"[Laferriere's] prose has always had the ability to wrap itself around the reader's organs and take hold, slowly at first, before becoming a part of the body. This novel is no different, digging deep through a minefield of emotional and physical detail with compassionate honesty...a stunning and breathtaking book, and is easily one of his best." -- Rob McLennan
"Deeply and miraculously touches our hearts, minds and funny bone all at the same time." -- Edwidge Danticat, author of Breath, Eyes, Memory
From the Prix Medicis winner comes a haunting meditation on the nature of identity.
Dany Laferriere's most celebrated book since How to Make Love to a Negro, The Return is a bestseller in France and Quebec and the winner of many awards, including the prestigious Prix Medicis and the Grand Prix du livre de Montreal.
At age 23, the narrator, Dany, hurriedly left behind the stifling heat of Port-au-Prince for the unending winter of Montreal. It was 1976, and Baby Doc Duvalier's regime had just killed one of his journalist colleagues. Thirty-three years later, a telephone call informs Dany of his father's death in New York. Windsor LaferriËre had fled Haiti in the 1960s, fearing persecution for his political activities. After the funeral, Dany plans to return his father to Baraderes, the village in Haiti where he was born. It is not the body he will take, but the spirit.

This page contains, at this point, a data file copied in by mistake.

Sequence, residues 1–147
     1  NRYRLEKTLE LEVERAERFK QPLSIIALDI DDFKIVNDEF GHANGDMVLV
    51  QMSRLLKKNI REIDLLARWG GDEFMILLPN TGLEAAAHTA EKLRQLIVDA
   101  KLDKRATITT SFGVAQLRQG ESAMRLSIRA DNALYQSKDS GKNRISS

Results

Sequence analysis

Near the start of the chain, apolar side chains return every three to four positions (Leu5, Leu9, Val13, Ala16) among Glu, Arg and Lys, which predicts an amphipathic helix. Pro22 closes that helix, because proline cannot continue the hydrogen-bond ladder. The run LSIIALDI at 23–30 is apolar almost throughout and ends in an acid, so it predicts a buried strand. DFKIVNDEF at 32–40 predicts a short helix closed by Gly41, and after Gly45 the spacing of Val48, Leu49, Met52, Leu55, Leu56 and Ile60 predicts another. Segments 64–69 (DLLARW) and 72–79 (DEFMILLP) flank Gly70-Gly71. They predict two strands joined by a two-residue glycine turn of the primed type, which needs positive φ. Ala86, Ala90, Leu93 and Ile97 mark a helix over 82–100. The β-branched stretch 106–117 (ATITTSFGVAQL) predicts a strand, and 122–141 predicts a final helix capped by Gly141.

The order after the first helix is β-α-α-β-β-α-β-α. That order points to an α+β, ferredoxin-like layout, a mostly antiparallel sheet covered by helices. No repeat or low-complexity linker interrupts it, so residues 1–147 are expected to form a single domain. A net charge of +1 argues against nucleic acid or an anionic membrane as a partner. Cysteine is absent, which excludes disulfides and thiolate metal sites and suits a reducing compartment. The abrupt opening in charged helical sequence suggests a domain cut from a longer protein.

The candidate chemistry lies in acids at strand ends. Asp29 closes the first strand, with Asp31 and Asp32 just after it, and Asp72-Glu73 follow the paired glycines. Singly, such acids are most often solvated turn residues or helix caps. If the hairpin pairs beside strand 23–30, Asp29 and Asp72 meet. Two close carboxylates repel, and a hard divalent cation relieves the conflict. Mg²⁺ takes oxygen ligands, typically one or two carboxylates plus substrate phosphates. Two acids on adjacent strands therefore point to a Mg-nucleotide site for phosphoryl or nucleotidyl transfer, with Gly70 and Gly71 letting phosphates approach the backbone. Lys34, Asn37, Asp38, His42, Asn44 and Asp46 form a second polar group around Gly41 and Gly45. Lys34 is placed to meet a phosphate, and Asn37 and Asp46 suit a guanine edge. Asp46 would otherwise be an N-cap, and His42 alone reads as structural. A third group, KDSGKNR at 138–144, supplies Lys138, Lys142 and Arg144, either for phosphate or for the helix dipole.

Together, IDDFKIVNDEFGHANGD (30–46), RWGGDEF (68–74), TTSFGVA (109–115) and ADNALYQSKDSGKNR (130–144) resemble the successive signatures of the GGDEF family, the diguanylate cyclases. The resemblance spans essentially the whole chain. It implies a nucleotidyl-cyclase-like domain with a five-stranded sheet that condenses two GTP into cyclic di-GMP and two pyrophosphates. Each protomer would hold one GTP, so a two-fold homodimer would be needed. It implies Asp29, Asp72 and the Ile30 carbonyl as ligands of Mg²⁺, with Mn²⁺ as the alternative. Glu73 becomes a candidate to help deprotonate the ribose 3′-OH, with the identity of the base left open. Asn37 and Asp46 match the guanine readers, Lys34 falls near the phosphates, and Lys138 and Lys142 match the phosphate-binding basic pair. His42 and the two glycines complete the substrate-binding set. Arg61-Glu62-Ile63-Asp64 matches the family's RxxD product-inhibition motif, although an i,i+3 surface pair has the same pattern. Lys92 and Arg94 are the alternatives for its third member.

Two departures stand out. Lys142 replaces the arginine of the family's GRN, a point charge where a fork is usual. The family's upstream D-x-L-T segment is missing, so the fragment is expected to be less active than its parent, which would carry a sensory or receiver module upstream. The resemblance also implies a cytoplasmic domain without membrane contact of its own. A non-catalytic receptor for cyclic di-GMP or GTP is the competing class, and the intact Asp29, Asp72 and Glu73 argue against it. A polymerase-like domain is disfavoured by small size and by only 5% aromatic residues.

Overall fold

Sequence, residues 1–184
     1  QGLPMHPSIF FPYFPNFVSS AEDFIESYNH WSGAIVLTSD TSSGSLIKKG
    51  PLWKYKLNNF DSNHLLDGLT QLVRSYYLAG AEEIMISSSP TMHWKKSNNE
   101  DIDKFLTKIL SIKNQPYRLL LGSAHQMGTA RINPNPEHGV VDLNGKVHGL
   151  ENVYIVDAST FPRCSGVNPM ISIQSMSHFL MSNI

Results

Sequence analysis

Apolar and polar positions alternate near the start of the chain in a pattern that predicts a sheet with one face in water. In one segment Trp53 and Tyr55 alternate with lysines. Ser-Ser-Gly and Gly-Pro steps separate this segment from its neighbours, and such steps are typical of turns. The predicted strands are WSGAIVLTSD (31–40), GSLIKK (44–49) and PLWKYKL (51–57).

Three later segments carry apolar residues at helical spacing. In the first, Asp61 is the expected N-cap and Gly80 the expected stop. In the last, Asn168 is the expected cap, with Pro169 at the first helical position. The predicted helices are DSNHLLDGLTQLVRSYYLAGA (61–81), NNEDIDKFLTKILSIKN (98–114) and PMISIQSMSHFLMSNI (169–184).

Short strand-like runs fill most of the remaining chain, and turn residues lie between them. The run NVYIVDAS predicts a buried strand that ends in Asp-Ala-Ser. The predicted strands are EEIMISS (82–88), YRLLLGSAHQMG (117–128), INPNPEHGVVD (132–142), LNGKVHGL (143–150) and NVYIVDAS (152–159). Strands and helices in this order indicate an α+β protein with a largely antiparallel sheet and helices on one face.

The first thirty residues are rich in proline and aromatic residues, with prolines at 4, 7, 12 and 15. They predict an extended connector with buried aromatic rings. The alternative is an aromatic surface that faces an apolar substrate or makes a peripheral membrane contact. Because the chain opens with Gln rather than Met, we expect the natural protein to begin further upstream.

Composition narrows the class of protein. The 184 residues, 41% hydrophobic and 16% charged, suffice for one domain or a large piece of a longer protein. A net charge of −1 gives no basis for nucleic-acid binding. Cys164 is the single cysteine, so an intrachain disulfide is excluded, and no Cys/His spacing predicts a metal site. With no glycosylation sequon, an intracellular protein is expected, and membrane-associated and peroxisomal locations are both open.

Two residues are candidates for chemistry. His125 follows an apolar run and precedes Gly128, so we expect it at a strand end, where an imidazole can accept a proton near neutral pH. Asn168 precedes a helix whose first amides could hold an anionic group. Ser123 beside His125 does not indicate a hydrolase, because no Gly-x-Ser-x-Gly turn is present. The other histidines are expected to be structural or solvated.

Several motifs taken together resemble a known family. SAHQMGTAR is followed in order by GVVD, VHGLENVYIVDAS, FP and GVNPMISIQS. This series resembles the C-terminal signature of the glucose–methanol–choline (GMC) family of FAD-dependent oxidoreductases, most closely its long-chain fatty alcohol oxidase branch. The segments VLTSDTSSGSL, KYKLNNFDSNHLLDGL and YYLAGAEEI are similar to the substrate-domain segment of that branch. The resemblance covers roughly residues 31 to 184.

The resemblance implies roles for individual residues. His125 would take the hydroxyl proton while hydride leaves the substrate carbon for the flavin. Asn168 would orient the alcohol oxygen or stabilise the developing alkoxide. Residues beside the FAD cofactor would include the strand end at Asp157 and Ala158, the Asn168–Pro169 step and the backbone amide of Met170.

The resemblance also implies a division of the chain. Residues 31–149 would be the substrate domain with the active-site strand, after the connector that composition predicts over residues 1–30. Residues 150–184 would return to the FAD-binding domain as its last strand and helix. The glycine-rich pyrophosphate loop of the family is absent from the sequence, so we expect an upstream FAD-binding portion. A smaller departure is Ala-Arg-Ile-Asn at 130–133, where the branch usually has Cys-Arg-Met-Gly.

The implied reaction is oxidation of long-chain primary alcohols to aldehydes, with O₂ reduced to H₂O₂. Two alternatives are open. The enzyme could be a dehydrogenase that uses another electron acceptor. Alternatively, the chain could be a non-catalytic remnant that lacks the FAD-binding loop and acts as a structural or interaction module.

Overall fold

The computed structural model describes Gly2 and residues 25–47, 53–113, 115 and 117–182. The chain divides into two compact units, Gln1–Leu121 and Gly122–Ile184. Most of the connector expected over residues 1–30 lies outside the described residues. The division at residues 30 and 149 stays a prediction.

How does one return from exile? In acutely observed details, Dany reveals his affection for his father and for the land of his birth. Translated by two-time Governor General's Awardñwinner David Homel, The Return blends the gritty reality of daily life with the lush sensuality and ecstatic mystery that underlie Haitian culture. It is the novel of a great writer.
"The Return is like a whole life that suddenly explodes as a Big Bang, liberating the past and the present, dreams and reality, North and South, hot and cold, life and death, exile and return, those who stay and those who go, themes that are found throughout Dany Laferriere's writing but that have never been as well put together, maybe because they were missing this angle of father and son, which casts everything in a new light. It is a book to savor, a long poem that demands more than one reading." -- Chantal Guy, La Presse